In the final episode of Trigun, Vash and the Big Bad added an interesting element in their Revolver Kata. At several points they would attempt to stop the other from firing, by holding the revolver cylinder so it could not spin. Similarly they both forced the other's gun to snap open, causing the bullets to fall out of the chambers. This was only after the Wave Motion Gun segment of the fight. The fight consists of gun kata stylizing. Pulling a trigger on a gun across the room using a string, throwing several rounds at your opponent and then shooting them to make them explode, and after they emptied each other's chambers of all but one quickly-reloaded bullet, the most HARDCORE game of Russian Roulette ever.
The films of Kurt Wimmer make heavy use of this trope.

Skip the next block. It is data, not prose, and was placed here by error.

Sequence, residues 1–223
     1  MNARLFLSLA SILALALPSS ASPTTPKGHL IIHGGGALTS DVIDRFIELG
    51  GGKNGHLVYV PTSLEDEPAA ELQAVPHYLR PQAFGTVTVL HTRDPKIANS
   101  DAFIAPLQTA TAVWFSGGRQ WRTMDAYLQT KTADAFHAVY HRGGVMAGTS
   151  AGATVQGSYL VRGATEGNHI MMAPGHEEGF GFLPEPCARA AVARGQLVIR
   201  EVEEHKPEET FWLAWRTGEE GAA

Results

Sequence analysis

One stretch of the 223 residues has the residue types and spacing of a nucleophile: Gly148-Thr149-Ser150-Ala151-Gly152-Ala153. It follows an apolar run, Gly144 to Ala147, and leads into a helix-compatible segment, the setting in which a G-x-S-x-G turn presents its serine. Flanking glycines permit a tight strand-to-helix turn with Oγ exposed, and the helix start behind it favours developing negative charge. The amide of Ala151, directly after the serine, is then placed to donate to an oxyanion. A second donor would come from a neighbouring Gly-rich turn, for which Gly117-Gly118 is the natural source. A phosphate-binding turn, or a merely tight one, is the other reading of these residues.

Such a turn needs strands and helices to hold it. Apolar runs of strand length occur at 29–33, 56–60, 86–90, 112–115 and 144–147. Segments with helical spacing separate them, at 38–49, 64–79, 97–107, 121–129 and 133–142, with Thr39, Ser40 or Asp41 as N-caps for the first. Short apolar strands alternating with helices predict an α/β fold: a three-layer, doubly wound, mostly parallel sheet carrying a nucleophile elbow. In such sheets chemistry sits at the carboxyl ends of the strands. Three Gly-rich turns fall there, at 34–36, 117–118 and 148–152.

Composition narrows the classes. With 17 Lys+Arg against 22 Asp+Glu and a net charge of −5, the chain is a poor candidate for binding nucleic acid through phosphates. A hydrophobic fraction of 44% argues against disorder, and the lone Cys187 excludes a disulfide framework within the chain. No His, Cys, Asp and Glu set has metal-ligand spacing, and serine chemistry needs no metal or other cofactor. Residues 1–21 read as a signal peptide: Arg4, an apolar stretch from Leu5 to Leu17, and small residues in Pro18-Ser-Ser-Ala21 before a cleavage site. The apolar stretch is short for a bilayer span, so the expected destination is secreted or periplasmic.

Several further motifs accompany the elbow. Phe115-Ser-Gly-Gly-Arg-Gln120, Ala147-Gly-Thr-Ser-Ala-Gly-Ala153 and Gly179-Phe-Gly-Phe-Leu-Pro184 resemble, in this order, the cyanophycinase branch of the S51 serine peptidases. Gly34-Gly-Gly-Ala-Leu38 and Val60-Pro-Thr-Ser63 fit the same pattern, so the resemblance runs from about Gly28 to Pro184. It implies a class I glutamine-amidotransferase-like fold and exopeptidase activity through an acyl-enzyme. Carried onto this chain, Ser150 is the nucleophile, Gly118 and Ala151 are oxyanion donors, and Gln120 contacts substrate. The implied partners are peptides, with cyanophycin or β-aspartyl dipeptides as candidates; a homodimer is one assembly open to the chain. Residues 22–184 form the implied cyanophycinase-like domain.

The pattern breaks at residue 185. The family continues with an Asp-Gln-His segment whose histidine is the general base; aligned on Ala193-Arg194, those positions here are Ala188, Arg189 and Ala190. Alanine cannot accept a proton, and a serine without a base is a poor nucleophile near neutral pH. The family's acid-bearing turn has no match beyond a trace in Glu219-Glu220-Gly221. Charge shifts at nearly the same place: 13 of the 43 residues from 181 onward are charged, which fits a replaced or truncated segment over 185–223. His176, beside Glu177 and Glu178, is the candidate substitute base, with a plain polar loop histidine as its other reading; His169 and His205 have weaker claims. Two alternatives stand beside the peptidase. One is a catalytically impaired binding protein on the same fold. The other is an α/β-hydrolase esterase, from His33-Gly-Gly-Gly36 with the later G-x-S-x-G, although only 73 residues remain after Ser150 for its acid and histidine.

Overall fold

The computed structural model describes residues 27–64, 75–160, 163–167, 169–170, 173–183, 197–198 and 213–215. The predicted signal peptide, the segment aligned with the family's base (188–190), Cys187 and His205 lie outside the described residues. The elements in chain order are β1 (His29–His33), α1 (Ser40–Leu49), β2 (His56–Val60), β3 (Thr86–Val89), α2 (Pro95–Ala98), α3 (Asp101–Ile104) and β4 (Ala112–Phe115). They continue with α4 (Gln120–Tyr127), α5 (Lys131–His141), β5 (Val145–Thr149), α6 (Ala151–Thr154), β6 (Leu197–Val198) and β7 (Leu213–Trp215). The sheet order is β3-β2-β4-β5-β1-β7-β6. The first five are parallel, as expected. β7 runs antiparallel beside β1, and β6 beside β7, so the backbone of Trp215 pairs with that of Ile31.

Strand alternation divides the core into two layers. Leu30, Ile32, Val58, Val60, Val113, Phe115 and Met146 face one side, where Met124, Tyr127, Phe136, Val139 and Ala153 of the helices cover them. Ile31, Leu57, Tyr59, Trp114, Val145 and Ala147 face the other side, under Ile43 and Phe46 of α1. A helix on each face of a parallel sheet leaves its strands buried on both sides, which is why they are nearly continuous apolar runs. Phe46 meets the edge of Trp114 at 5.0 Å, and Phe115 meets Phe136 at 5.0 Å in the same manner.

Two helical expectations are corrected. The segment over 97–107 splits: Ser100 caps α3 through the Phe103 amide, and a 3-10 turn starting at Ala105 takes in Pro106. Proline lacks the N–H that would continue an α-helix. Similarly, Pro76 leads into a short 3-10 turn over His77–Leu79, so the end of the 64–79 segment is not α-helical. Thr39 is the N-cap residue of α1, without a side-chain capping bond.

The Trope Namer is the style of gunplay used by the Grammaton Clerics in the movie Equilibrium (2002). The style was choreographed by a Karate expert, and you can see the Clerics often adopt very Karate-like stances while practicing or fighting.
Violet Song jat Shariff in Ultraviolet (2006) uses a similar style, though it is never given a name. The movements in this film are more fluid and dance-like than those used in Equilibrium, which is how Wimmer would have originally preferred.
The Art of War had a similar style fight in an empty hallway. A certain amount of respect and honor was loaded into the scene, as when they ran out of bullets, they went back to back and talked while casually reloading. Shaw and Bly spend most of the fight throwing snapshots... panic firing. It's more like Gun Fu since they still use acrobatic dodging.